Saturday, February 4, 2012

grables and taphs

graph + table = grable?

It seems to roll off the tongue better than taphs

The question is this: can you combine the visual power of a graph with the detail of a table? I think the answer is yes. Let's look at an example.

As I prepare for an upcoming webinar with the European Foundation Centre (EFC), I've been scouring the websites of European philanthropic organizations to understand how they are visualizing data currently. One item I came across was the following table, which is from the City Bridge Trust:

I know the text is small and hard to read. But then, that's part of the point - that you have to read it. That's one drawback of tables - because you have to read them to start to tease out information, you don't get the immediate ah ha! moment that can be so powerful with graphs. But it's sometimes hard to show as much detail in graphs as you can get cleanly with a table. For example, the table above would be a mess of uninterpretable data if you tried to put it all into a single graph. 

I'll go back to my original question: what if we can pair the immediate visual information you get with a graph with the detail of the table? Introducing the grable:

I think I like it... You get some immediate information in the shape of the bars. There's more info there to read to get all the detail. Perhaps this visual is giving us the best of both worlds? Or perhaps it's utterly confusing (what are bars doing in my table???)? What do you think? Can you imagine yourself using a grable? Be brutally honest. Leave me a comment with your thoughts.

If you're interested in how I made this happen from a tactical standpoint, you can check out my Excel file here.


  1. I like the look and cleanliness of this, but can't see why you NEED the Trust and Index rank (i.e., why they matter). Perhaps it just needs a footnote or something else, but I can't easily see why or how the rankings relate to the information in the bar.

    No criticism without a solution. Perhaps you could have color-coded the bars to show the relative Index ranks (1-5 is blue, 6-10 is red, etc) -- if those Index ranks are important (and if they're not, why include them?).

    For that matter, the Trust ranks look like they represent the order from largest to smallest grant amount, so I almost think you could have eliminated them, or just numbered the Boroughs and achieved the same result with fewer columns.

  2. I agree with Peter, questioning the necessity of the rank and index columns. If the rank is required it could simply go to the left of the Borough name in grey.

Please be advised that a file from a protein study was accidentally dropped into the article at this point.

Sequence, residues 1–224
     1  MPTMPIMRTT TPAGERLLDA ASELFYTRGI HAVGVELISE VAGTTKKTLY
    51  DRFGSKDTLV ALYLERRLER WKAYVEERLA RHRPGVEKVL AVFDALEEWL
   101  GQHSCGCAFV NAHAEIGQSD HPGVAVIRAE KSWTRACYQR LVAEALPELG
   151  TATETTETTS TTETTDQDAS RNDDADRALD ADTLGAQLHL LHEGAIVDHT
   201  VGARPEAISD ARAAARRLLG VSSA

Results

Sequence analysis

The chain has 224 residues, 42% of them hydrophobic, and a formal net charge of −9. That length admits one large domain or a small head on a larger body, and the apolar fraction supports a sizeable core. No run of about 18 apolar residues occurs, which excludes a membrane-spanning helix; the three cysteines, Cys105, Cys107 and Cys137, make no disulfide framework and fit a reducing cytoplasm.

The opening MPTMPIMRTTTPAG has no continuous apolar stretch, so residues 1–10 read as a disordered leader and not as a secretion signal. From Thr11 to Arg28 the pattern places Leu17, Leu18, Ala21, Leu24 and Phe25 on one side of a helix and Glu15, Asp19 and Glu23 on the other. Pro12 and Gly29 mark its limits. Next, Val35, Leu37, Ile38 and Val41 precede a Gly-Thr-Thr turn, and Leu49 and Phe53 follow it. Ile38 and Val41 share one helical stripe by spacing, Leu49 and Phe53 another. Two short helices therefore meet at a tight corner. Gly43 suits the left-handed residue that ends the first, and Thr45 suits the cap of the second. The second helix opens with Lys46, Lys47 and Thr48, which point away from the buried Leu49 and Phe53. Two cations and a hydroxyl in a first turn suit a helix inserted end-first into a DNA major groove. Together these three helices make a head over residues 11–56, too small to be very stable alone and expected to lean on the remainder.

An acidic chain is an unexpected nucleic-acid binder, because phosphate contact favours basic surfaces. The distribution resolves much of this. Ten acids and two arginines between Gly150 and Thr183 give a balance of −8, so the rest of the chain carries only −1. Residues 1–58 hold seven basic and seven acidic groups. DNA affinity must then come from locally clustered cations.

I like the technique of reversing the digits when they exceed the length of the bars.

    Although there is more info in the revamp, it looks like less. The bars give a quick sense of quantum, while retaining all the detail. For instance you can quickly see there are 8 boroughs that receive the largest dispensations... with a (small) step down to the next group.

    The white text of a medium value light blue in the original table does not help it's readability ... especially for small text, so the increased contrast of the revamp is welcome to the eyes.

    Good work Cole.

  3. Showing the bars is definitely helpful - I really like the way Excel 2010 includes Conditional Formatting that makes this much easier to do than before. Who knows, maybe even finance people will one day start using "grables" instead of tables!

    Putting this data into Tableau would allow you to size the bars based on amount and color them based on rank (whichever you want). Not sure that Excel Conditional Formatting can do that...


  4. another idea would be to put the Borough name in the blue bar instead of the numeric value. You can put the numeric value just to the left. At the end of the day, at a glance, you may want to know which "bar" is the largest.. avoiding the external label helps save a few microseconds :)


  5. Nice post Cole!

    quick question, is there any particular reason why you decided to do left aligning in the trust rank, index rank and number of grants columns instead of right aligning the text in those columns? ...just like Stephen Few says in his show me the numbers book.

    Does that has to do with the fact that the amount approved graph has the data labels on the left?


  6. In regards to the left-alignment question: you could certainly play with right-alignment for the text column. I do often do that with graphics like this for ease of reading. I don't have a good reason for not doing it here, other than I liked the aesthetic consistency of left-alignment throughout the table. Sometimes it just comes down to personal preference!

    Thanks for the comments everyone!